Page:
Notes: Backe sharp in simulated game
Astros believe righty is on track in rehab from elbow surgery
HOUSTON -- Brandon Backe looked very sharp in a simulated game on Monday at Minute Maid Park, a promising sign for a right-hander who is returning from Tommy John elbow ligament replacement surgery last August.
Although Backe had to rest his elbow for approximately six weeks earlier this summer due to soreness, he's now almost a year removed from the surgery and remains on track for a Sept. 1 return to the active roster.
"He threw very well," manager Phil Garner said of Backe's 64-pitch performance. "He's where I expected him to be. I feel like he's been coming along very well. He felt strong and felt real good afterward.
"He's trying to ramp this up as much as he can like a real game. He's close to a point now where he needs to jump up and face real hitters."
Garner said Backe will throw another simulated game on Saturday before setting out on a Minor League rehab stint beginning the following Saturday. The Astros hope to give Backe six Minor League starts in August to prepare him for his return to the Astros' rotation in September.
On Monday, Backe threw against Chris Burke, Luke Scott and Orlando Palmeiro, and he received very positive reviews. Backe's only blemish came when Scott drilled an opposite-field home run with two runners on base and two outs in the first simulated inning.
"He threw pretty good," Scott said. "His fastball had a lot of late movement on it, and his slider bit hard. He's got good stuff.
"His pitches had depth and some late movement to them," Burke said. "I think he threw well. He looks like he's ready to roll."
Center or right: Team owner Drayton McLane said over the weekend that the Astros were looking at about four different trade scenarios in regards to center fielders, leaving some to speculate that the team has decided Hunter Pence's long-term future is in right field.
But that's not necessarily the case, according to general manager Tim Purpura. It's just one option based on Pence's flexibility.
"We had a discussion with our scouts about [Pence's defense in center] today," Purpura said. "I made the comparison of where Hunter is today, compared to where Willy Taveras was after his first year. A lot of people after Willy's first year said 'Oh, I don't know if he can be a center fielder.' But a lot of people who worked with him in development said people get better. And Willy did get better.
"I think Hunter has done a pretty good job in center, and I think he'll get better, as well, as he learns the parks. I don't count him out as a center fielder at all. I think he's got all the speed and the instincts, and he's a pretty darn good center fielder right now."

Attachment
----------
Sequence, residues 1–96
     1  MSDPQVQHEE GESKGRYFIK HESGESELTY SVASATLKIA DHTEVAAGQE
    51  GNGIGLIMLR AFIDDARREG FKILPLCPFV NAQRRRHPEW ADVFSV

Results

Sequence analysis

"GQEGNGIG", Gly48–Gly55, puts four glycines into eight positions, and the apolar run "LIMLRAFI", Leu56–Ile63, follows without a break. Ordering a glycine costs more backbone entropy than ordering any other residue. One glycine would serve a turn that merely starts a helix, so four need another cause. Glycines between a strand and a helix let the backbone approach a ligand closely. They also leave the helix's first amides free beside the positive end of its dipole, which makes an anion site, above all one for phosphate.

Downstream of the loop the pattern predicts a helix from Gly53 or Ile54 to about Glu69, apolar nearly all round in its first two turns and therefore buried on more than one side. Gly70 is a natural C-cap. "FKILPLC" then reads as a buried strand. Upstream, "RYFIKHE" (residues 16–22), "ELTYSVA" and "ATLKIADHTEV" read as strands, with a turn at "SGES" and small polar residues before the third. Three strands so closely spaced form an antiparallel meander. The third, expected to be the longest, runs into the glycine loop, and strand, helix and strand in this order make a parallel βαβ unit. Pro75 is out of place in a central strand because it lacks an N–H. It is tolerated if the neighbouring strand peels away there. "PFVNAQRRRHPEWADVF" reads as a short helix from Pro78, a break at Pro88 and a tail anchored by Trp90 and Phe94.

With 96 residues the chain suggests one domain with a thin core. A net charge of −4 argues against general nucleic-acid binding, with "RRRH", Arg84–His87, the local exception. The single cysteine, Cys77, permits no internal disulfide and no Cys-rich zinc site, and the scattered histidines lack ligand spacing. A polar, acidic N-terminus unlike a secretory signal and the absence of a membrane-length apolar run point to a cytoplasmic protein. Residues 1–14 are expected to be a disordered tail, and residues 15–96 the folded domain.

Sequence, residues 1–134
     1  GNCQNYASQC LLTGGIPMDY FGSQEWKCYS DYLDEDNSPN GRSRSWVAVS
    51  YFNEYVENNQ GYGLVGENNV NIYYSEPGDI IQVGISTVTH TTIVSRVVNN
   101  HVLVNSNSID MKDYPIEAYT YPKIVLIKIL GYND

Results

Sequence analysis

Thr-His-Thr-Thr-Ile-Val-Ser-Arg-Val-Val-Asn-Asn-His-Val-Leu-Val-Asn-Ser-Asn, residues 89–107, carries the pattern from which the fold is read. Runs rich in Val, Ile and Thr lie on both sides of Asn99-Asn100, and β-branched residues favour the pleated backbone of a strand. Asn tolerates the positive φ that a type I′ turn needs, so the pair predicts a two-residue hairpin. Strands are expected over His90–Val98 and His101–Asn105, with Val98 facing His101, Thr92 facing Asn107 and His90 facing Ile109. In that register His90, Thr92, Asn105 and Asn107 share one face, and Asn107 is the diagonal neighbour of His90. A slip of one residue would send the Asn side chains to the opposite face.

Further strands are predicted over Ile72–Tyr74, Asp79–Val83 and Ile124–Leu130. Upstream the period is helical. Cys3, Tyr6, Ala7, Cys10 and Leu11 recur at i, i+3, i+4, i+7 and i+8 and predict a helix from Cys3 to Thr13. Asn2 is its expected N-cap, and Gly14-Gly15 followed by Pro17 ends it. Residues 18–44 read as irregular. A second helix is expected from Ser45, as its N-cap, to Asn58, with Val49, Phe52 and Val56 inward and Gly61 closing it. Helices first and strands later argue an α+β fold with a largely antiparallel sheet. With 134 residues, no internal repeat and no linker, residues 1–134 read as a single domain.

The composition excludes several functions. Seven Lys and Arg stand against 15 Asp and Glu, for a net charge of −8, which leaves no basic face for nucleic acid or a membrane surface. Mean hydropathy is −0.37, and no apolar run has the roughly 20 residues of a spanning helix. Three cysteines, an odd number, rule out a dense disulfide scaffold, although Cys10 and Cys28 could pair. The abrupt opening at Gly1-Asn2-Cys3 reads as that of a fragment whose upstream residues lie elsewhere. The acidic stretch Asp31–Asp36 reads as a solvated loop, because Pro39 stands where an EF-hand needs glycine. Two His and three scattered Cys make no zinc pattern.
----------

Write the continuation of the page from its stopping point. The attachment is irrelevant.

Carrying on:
But should the Astros make a deadline deal for a young center fielder that gives Houston a much needed top-of-the-order presence, Pence's offensive production makes him a legitimate candidate for right field, as well.
"I think because of his power potential, you have the luxury of putting him into the corner if you do come across a pure center fielder," Purpura said. "He gives you flexibility because he can be a run-producer and he has power. He projects better than some as a corner outfielder, because there are some guys who are going to be strictly center fielders."
Purpura said that he's continuing to have dialogue with other clubs on a regular basis. But he warns that the Astros aren't sellers in a traditional sense, because even if they do decide to unload potential free agents, they're looking for talent in return that can help in 2008, at the latest.
"I wouldn't call it a seller's market right now," Purpura said. "If you're willing to take on A-ball or Double-A-type prospects, it is. But it's not our objective to take on those types of players. We've got a good nucleus here with star-type players, and our goal is to surround them with complementary players that will help us [in the near future]."
While Houston is still looking at several deals, including many for the aforementioned center fielders, nothing is imminent.
"The key is, of those four, five or six [center fielders] you've got earmarked, you have to wrestle them away from other clubs," Purpura said.
"It's not that easy to do. It's not rotisserie baseball. It's not just take your low-level players and turn them into top-level players. It just doesn't work that way. Everybody's got good scouting staffs and everybody's got special assistants that are watching games. You do the best you can with the information you have, and you set out on a course to make your team better."
Bumps and bruises: Lance Berkman returned to the Astros' lineup on Monday after missing three consecutive games with a swollen and bruised left hand.
The first baseman had the knot taped and padded in an attempt to prevent any further damage, and he warned that even though he's back in the lineup, the problem hasn't gone away.
"It's going to take some getting used to it," Berkman said. "As a hitter, anything wrong with your hand, that's a major deal with how you swing the bat. But now it's gotten to a point where we can manage it a little bit."
While X-rays taken last week were negative, Berkman will undergo an MRI exam at some point this week to rule out the possibility of a stress fracture or anything out of the ordinary.
Coming up: The Astros will take on the Dodgers in the second game of a three-game set on Tuesday night at Minute Maid Park. Slumping right-hander Jason Jennings (1-6, 4.76 ERA) takes the hill against Dodgers left-hander Mark Hendrickson (4-5, 4.54) at 7:05 p.m. CT.
Ben DuBose is an associate reporter for MLB.com. This story was not subject to the approval of Major League Baseball or its clubs.